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Pantoprazole is a proton pump inhibitor. it decreases the amount of acid produced in the stomach by inhibition of H+/K+ ATPase located in the luminal membrane of gastric parietal cells


  • Treatment of Gastroesophageal reflux disease (GERD) and Erosive esophagitis
  • Hypersecretory conditions including Zollinger-Ellison syndrome

[edit] DOSAGE

  • Gastroesophageal Reflux Disease and Erosive esophagitis:
    • Adults: 40mg/day for up to 8 weeks
    • 5-17 Year Olds:
      • 15-40 kg, 20 mg once daily for up to 8 weeks
      • More than 40 kg, 40 mg once daily for up to 8 weeks
  • Maintenance of healing of erosive esophagitis: 40 mg once daily
  • Zollinger-Ellison syndrome: 40 mg twice daily


  • Known hypersensitivity to Pantoprazole or to substituted benzimidazoles


  • Symptomatic response does not preclude presence of gastric malignancy.
  • Atrophic gastritis has been noted with long-term therapy.
  • PPI therapy may be associated with increased risk of Clostridium difficile associated diarrhea.
  • Bone Fracture: Long-term and multiple daily dose PPI therapy may be associated with an increased risk for osteoporosis-related fractures of the hip, wrist or spine.
  • Hypomagnesemia has been reported rarely with prolonged treatment with PPIs


  • Atazanavir and Nelfinavir: Pantoprazole reduces plasma levels of Atazanavir and Nelfinavir. Concomitant use is not recommended
  • Patients treated with proton pump inhibitors and warfarin concomitantly may need to be monitored for increases in INR and prothrombin time
  • May interfere with the absorption of drugs where gastric pH is important for bioavailability (e.g.,ketoconazole, ampicillin esters, iron salts, and digoxin)
  • May produce false-positive urine screen for tetrahydrocannabinol (THC). An alternative confirmatory method should be considered to verify positive results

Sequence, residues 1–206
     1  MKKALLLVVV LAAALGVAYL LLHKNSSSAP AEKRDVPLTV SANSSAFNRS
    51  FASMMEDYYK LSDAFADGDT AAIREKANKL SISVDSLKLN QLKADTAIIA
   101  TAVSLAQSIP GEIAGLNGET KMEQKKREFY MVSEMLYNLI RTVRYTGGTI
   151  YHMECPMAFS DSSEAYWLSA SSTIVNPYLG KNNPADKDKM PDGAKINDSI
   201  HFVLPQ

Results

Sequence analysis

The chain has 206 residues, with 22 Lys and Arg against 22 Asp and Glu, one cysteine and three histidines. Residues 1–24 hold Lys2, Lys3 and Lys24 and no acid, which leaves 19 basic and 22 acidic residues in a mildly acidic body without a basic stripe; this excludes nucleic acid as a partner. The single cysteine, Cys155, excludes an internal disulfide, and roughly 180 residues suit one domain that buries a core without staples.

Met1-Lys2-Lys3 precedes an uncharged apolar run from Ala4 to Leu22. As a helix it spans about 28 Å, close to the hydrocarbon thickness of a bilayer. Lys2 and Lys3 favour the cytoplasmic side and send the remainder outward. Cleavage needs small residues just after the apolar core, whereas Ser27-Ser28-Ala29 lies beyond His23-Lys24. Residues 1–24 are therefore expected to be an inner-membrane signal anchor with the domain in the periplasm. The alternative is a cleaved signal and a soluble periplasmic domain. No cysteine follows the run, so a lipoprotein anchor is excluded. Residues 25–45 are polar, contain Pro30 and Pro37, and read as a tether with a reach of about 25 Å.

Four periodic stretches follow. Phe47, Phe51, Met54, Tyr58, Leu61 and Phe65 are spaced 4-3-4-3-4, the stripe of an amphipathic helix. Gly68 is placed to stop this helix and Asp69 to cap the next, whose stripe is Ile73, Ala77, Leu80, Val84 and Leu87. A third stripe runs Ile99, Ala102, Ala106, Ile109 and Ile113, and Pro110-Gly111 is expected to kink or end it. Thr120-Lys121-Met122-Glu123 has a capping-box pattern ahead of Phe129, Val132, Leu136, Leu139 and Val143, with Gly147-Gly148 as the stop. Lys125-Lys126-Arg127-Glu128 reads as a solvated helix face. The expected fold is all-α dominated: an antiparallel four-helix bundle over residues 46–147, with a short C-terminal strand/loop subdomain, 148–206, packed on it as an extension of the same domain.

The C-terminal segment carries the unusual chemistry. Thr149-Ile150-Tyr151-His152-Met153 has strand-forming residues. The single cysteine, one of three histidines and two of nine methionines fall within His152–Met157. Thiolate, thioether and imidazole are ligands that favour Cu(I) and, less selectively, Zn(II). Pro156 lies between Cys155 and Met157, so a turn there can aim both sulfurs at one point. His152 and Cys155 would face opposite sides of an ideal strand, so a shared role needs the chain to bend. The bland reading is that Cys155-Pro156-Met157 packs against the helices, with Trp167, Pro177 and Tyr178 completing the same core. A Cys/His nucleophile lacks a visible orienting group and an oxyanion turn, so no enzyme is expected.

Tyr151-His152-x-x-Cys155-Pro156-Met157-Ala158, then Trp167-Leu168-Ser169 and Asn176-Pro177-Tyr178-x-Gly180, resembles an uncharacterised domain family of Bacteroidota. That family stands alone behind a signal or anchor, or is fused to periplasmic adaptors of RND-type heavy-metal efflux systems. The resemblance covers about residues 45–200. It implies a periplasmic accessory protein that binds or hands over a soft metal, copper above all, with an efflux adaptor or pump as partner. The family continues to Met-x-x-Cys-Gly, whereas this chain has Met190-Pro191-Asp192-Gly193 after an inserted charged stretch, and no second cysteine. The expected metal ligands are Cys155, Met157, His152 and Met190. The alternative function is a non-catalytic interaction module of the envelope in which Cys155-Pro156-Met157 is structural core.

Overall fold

• Methotrexate: Pantoprazole may increase serum level of methotrexate


  • Pregnancy Category B (US). Reproduction studies have been performed in rats at oral doses up to 88 times the recommended human dose and in rabbits at oral doses up to 16 times the recommended human dose and have revealed no evidence of impaired fertility or harm to the fetus due to pantoprazole. There are, however, no adequate and well-controlled studies in pregnant women. Because animal reproduction studies are not always predictive of human response, this drug should be used during pregnancy only if clearly needed.
  • Nursing Mothers: Pantoprazole and its metabolites are excreted in the milk of rats. Pantoprazole excretion in human milk has been detected in a study of a single nursing mother after a single 40 mg oral dose. The clinical relevance of this finding is not known. Many drugs which are excreted in human milk have a potential for serious adverse reactions in nursing infants. Based on the potential for tumorigenicity shown for pantoprazole in rodent carcinogenicity studies, a decision should be made whether to discontinue nursing or to discontinue the drug, taking into account the benefit of the drug to the mother.


  • Most common adverse reactions in adults are (>2%): headache, diarrhea, nausea, abdominal pain, vomiting, flatulence, dizziness, and arthralgia.
  • Most common adverse reactions in pediatric use (>4%) are upper respiratory infections, headache, fever, diarrhea, vomiting, rash, and abdominal pain.




Heartburn/Gastritis/Gastric ulcer/Duodenal ulcer/Gastroesophageal reflux
H2 antagonists Famotidine   Nizatidine   Ranitidine (Zantac)
Proton-pump inhibitors Dexlansoprazole (Dexilant)   Esomeprazole (Nexium)   Lansoprazole (Prevacid)   Omeprazole (Losec, Prilosec)   Omeprazole/Sodium bicarbonate (Zegerid)   Pantoprazole (Controloc, Pantecta, Pantoloc, Protonix) (  Rabeprazole (Aciphex, Pariet)
Prostaglandins Misoprostol (Cytotec)
Other drugs Alginic acid   Magaldrate   Sucralfate
Combination Regimens Bismuth Subcitrate Potassium/Metronidazole/Tetracycline (Pylera)   Lansoprazole/Amoxicillin/Clarithromycin (Prevpac)